An Execution Method From The Dark Days Of History That'll Creep You Out: Defenestration
News > An Execution Method From The Dark Days Of History That'll Creep You Out: Defenestration
Again, here we are with one of the strangest examples from our history dear friends. This time, our topic is ''fortunately'' a past execution method: Defenestration! Like killing people wasn't enough, these people killed them with a different method. Let's see what that method was and hope that it will never happen again.
The method takes its name from an event that happened in Prague in 1419.
While the Latin word 'de' corresponds to the word 'out' in our language, the word 'fenestra' means 'window.' This method of execution expresses the killing of criminals by throwing them out of the window and the concept of defenestration is taken from an incident that took place in Prague, the city of Bohemia at that time.
The events began when Hussitler, who opposed Catholic belief, walked into the municipal court.
The rebels walked to the municipal court in Charles Square, demanding the release of the convicted Hussitler. Hussitler, who had been angry after a stone was thrown at their leader Jan Zelivsky, and who rejected the release, marched to the municipality palace and began to throw members of the council out of the window.
A group of insurgents were waiting down below, with the spears facing up, while members of the assembly were thrown out of the windows.
Thus, the members of the council thrown out of the window landed on the spears and died, and those who did not fall on the spears were brutally killed by the angry crowd. Unfortunately, this event was not going to be the last defenestration of Prague.
Because a very similar event was going to happen again after 200 years.
The event, called 'Second Defenestration of Prague,' took place in 1618. This time, the conflict was between the Catholics and the Protestants and the Protestants threw two Catholics, who supported the king, from the 67-foot-high windows of the Prague's Castle. Fortunately, those who were thrown out of the window luckily survived this time. The explanation that the Catholics brought to that time was that these two men were rescued by the Virgin Mary, but the real reason for their survival was that they fell on top of the stack of fertilizer placed under the windows.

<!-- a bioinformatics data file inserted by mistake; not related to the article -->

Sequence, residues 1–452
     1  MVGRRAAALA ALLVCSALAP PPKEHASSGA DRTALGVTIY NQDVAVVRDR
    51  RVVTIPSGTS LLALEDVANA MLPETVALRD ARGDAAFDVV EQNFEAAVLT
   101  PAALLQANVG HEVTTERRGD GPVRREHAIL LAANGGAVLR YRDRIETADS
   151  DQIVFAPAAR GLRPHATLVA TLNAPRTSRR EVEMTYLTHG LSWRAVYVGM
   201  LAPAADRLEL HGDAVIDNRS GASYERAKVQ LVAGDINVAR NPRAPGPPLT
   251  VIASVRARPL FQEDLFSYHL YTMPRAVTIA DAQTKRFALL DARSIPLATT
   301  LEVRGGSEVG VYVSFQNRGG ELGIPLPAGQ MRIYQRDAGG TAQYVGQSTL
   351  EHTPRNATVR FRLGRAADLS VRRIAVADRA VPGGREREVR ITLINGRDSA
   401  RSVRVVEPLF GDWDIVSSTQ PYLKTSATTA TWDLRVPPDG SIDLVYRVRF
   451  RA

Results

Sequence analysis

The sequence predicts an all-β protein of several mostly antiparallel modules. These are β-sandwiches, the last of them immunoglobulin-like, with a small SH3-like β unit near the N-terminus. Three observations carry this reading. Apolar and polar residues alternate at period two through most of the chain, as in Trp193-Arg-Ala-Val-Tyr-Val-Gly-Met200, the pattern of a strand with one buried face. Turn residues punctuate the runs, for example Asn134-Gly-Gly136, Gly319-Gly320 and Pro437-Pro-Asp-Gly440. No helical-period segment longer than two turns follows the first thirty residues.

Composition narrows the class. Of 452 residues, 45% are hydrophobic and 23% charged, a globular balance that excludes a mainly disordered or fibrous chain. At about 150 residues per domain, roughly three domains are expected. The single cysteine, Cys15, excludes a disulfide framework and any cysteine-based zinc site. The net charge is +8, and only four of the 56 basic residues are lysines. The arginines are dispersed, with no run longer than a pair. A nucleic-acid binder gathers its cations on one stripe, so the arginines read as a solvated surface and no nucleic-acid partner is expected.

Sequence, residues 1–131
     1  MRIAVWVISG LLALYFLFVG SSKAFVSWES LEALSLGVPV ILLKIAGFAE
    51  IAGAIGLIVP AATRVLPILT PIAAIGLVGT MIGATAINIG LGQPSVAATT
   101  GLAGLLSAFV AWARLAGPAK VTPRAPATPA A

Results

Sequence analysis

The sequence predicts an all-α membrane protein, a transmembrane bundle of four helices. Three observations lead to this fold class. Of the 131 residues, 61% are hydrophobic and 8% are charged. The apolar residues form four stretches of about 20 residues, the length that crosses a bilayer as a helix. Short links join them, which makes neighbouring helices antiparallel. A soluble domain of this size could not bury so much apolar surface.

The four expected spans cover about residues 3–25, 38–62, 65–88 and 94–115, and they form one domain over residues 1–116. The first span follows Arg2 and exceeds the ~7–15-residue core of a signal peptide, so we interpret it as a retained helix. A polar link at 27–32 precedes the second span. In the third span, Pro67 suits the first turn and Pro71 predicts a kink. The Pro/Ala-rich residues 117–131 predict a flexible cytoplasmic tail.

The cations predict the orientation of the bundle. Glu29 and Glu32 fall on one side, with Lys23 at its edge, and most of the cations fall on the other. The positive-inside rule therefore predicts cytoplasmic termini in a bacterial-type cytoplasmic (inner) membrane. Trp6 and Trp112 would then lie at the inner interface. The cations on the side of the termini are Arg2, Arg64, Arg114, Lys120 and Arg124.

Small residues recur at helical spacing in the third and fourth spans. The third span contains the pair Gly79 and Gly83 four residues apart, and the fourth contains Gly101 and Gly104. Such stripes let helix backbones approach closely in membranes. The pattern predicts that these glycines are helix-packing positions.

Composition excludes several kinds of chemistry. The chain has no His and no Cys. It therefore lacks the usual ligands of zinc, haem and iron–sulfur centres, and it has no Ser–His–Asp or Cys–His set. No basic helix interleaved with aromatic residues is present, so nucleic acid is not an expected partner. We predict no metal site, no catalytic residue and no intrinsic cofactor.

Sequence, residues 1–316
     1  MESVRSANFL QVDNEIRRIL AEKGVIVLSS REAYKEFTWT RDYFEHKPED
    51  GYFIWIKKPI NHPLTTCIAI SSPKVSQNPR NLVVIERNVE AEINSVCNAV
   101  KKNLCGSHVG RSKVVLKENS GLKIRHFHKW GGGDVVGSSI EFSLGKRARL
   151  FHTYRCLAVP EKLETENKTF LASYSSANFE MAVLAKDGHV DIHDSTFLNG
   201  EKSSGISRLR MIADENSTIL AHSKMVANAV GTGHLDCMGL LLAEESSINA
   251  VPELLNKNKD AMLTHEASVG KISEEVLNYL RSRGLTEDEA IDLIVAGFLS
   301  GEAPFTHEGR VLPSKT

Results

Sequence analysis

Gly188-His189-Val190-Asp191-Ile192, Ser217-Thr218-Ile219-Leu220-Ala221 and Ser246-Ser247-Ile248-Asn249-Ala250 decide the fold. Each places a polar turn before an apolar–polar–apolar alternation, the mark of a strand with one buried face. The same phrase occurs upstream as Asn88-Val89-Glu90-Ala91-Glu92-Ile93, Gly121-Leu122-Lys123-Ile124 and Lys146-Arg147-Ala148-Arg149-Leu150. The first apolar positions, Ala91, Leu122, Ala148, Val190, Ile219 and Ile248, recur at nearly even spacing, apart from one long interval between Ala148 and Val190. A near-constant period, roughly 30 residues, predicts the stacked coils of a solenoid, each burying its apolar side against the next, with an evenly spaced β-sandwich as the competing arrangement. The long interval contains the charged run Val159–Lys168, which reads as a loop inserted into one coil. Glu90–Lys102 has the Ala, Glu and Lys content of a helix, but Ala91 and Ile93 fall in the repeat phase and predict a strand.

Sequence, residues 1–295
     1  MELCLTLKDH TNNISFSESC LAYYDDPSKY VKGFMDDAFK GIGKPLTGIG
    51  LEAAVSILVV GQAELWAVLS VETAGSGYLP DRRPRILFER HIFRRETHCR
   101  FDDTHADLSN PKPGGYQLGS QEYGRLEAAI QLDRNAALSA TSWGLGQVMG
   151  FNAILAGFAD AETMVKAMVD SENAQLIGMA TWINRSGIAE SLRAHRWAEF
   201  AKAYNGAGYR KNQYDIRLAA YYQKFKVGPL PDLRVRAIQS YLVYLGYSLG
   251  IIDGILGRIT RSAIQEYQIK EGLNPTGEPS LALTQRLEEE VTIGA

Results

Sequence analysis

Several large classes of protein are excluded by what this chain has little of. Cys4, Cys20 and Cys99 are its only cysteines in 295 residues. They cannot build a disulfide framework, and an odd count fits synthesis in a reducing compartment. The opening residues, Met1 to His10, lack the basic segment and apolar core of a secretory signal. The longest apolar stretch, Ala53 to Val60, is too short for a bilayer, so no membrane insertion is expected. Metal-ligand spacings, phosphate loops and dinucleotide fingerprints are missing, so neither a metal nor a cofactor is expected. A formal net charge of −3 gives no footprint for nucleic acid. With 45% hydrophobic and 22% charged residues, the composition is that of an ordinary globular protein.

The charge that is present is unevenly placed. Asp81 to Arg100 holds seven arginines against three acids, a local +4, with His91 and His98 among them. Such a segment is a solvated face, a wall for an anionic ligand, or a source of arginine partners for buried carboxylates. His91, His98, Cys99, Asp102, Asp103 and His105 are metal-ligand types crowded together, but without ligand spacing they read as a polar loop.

The Czech historian Ota Konrad says about the subject:
'I think that the inspiration of the Defenestration comes from the Bible, and the story of Jezebel, who was thrown out of the window and killed by her own people in the Bible, could be a source of inspiration for executions in Prague, as well as a symbolic execution: Falling of a powerful person from the top, earning a bad reputation. Historical examples of the defenestration are not limited to events in Prague ...
The murder of William Douglas by King James II of Scotland in 1452 and the subsequent execution of Adham Khan by the Babe Emperor a century later constitute other historical examples of the defenestration.
The example of this execution in recent history is very sad.
Fela Kuti, a renowned musician and human rights activist, criticized the army for a hard dime on his
Zombie album, which was released on the market in 1977, causing his mother to be thrown out of the window by Nigerian soldiers, who then burned the dead body. This event is the last defenestration event of our history reflected in the media and we hope that it will remain as so.